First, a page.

The author wrote: Using SE-PostgreSQL, SELinux security contexts are associated with each table, row and column of the database. [...] . The PostgreSQL user must still have the ability to perform the requested action as the PostgreSQL permissions are checked before the SELinux policies are even consulted. This two-tiered permissions system is probably unnecessary, so SE-PostgreSQL could completely replace the database permissions in secure installations.
Actually the security contexts are part of the Mandatory Access Control (MAC) mechanism. With Discretionary Access Control (DAC), the creator of a file or database tuple can grant permissions to anyone, even if they're not authorized to see the data. MAC overrides this, so that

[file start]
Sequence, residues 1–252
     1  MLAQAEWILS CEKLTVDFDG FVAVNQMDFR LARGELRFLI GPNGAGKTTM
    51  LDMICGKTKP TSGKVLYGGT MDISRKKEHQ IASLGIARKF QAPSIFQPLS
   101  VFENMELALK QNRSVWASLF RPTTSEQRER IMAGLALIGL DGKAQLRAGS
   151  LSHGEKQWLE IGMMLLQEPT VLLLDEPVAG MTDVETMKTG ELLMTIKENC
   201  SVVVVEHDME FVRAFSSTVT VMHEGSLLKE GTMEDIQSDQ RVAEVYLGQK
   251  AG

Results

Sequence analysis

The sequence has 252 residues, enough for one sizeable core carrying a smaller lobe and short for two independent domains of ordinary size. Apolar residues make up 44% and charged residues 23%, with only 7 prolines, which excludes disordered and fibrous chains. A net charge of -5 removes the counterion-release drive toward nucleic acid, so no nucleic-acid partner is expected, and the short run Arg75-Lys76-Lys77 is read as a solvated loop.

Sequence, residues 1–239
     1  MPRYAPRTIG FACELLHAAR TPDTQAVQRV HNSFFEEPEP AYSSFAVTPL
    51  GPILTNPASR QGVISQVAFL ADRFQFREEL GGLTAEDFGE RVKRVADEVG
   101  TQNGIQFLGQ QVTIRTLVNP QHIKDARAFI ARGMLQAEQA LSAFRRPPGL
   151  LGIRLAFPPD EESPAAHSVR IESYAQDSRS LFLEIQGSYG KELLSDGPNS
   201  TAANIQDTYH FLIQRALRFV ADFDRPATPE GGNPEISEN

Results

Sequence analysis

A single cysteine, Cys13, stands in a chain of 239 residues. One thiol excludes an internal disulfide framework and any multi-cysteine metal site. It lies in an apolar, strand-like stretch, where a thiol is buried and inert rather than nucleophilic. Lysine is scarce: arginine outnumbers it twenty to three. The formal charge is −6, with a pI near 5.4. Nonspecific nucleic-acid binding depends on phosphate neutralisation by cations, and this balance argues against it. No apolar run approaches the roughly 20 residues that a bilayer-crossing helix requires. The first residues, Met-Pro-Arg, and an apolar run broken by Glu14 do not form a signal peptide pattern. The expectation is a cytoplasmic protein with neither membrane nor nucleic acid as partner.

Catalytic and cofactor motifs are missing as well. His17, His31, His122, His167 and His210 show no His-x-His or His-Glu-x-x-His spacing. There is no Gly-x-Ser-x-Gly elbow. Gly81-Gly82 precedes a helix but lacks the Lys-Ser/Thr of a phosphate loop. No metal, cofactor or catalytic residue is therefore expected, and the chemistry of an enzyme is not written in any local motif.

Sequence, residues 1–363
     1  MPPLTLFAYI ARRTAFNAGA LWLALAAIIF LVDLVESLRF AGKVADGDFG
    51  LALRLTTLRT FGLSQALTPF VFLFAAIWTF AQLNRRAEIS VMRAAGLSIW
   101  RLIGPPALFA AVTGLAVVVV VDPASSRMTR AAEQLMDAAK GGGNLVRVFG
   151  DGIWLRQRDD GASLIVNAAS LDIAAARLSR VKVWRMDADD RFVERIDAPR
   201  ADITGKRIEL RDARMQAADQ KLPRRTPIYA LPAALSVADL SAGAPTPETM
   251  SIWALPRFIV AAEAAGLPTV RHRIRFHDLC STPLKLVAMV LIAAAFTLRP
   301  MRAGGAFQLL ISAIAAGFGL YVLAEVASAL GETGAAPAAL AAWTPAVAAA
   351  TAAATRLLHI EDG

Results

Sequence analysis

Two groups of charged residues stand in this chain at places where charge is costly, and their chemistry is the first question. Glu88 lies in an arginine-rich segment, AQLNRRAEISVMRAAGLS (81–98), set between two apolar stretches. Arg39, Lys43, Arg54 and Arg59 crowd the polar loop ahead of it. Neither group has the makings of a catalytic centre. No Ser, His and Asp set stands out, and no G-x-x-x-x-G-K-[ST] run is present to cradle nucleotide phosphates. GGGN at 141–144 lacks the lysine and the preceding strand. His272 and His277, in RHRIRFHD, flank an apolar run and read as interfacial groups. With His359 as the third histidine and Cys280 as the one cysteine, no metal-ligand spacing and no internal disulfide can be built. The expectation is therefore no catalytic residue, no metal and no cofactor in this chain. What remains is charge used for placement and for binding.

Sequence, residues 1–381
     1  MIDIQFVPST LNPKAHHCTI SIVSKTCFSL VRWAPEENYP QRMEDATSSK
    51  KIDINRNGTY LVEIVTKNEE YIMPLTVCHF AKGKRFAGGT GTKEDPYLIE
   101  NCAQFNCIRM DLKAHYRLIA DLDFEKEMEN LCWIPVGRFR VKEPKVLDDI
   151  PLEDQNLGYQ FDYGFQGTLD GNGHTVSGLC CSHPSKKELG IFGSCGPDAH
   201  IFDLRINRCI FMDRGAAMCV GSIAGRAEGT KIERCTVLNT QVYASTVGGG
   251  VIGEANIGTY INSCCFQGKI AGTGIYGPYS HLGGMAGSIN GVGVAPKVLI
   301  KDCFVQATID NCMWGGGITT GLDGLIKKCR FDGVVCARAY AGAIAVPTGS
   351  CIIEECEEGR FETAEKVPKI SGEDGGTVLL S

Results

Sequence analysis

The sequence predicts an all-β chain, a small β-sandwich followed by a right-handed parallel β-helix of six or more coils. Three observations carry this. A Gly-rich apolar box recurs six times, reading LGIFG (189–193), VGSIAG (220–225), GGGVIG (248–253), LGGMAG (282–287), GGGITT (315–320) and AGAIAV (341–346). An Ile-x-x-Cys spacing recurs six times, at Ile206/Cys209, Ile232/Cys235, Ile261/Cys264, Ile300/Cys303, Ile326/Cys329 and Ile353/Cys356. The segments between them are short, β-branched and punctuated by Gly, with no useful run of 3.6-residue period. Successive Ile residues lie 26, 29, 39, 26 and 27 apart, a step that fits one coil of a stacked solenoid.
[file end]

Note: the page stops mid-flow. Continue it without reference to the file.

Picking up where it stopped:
With the two layers of protection, it becomes very hard to subvert one person or business process and get access to data you sholdn't have.
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